Newsletters
Essential California: The devastation from Northern California's firestorms comes into grim focus

Fourth night of Bay Area protests turns violent; 19 arrested

CHP, Berkeley police arrest 19 in Bay Area protests

Nineteen Bay Area demonstrators were arrested Tuesday night in what was the fourth night of protests over police killings of unarmed black men.

Hundreds of protesters marched through Berkeley, Emeryville and Oakland, according to the California Highway Patrol.

But after some refused to get off a freeway, the CHP said, officers used less than lethal force to subdue the protesters and make arrests.

"Our fear, and what we are trying to prevent, is someone getting seriously injured or killed by choosing to march onto the freeway," Assistant CHP Chief Ernie Sanchez said in a statement.

About 9:17 p.m. a large group demonstrators walked onto the 24 Freeway at 40th Street, causing drivers to swerve to avoid hitting them.

Officers were able to clear the road, but said the protest turned violent, with high-powered fireworks launched at a CHP helicopter.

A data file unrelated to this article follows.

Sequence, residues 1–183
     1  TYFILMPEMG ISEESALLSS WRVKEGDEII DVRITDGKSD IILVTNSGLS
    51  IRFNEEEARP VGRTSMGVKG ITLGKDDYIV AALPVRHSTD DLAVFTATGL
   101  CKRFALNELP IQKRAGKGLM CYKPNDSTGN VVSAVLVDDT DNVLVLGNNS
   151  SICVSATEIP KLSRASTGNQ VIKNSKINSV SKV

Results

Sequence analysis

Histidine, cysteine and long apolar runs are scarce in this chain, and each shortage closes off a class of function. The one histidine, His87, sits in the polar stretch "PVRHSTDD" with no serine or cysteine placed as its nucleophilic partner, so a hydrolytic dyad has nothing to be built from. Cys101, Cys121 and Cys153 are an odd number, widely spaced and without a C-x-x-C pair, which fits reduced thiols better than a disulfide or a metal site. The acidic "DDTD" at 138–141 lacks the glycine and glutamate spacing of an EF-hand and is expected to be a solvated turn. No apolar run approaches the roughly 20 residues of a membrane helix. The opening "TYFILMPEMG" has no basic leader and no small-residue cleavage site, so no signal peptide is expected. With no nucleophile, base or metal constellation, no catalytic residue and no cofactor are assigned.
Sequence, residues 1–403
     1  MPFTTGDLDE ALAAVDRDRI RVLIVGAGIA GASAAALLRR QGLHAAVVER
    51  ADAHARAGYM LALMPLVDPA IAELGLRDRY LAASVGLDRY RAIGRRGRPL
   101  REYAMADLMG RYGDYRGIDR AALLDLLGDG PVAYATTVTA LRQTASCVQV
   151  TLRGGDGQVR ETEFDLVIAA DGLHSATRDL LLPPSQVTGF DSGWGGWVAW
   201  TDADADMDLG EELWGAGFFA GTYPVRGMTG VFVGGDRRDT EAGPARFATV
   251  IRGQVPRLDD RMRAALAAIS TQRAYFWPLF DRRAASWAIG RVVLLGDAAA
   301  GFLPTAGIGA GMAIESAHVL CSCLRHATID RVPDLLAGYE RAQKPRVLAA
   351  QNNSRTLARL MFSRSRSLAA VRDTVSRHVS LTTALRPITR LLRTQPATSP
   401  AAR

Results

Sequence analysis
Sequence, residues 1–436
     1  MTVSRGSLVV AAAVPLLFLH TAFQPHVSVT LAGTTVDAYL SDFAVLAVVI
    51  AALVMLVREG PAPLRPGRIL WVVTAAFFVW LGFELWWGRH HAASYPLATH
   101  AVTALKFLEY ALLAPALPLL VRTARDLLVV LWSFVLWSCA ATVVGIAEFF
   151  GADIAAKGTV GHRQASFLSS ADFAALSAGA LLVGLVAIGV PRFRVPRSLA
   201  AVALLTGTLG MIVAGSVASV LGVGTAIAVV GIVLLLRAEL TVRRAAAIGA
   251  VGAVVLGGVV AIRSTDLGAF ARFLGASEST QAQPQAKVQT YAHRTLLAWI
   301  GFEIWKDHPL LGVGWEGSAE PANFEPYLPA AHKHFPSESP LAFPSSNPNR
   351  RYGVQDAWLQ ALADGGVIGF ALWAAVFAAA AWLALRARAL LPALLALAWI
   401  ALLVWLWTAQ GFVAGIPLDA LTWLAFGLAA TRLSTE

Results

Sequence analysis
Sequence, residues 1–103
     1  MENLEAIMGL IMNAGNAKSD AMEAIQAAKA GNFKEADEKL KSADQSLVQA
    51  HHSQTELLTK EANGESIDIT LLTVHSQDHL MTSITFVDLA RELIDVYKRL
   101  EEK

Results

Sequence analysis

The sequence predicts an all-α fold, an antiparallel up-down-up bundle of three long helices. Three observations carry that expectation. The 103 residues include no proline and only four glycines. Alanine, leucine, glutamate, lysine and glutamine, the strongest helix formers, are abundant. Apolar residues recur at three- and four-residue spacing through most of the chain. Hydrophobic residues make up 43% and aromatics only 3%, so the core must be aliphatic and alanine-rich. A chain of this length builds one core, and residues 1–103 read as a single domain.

Protesters threw projectiles, incendiary devices and rocks at officers, the CHP said.

After giving an order to disperse, the CHP said several aggressive protesters remained on the freeway.

The CHP arrested 13 people for violations including creating a public nuisance, obstructing free movement of others and battery on a peace officer. In Berkeley, police arrested six protesters.

Earlier in the day Berkeley Mayor Tom Bates canceled Tuesday night's City Council meeting, expecting a crowd that would overwhelm the chambers.

On Monday, about 1,500 protesters marched throughout the region.

KTVU reported that a man was punched during protests in Oakland as he tried to put out a fire.

The Society of Professional Journalists' Northern California Chapter reported that several news reporters covering Saturday's protests were assaulted by police.

"It is important for journalists to be present at these events," the group's President Lila LaHood said.

"Journalists cover public protests for no reason other than to inform the public. Their mistreatment and harassment by law enforcement is a serious attack on the public's right to know and should not be tolerated."

For breaking California news, follow @VeronicaRochaLA.

Copyright © 2017, Los Angeles Times
EDITION: California | U.S. & World
71°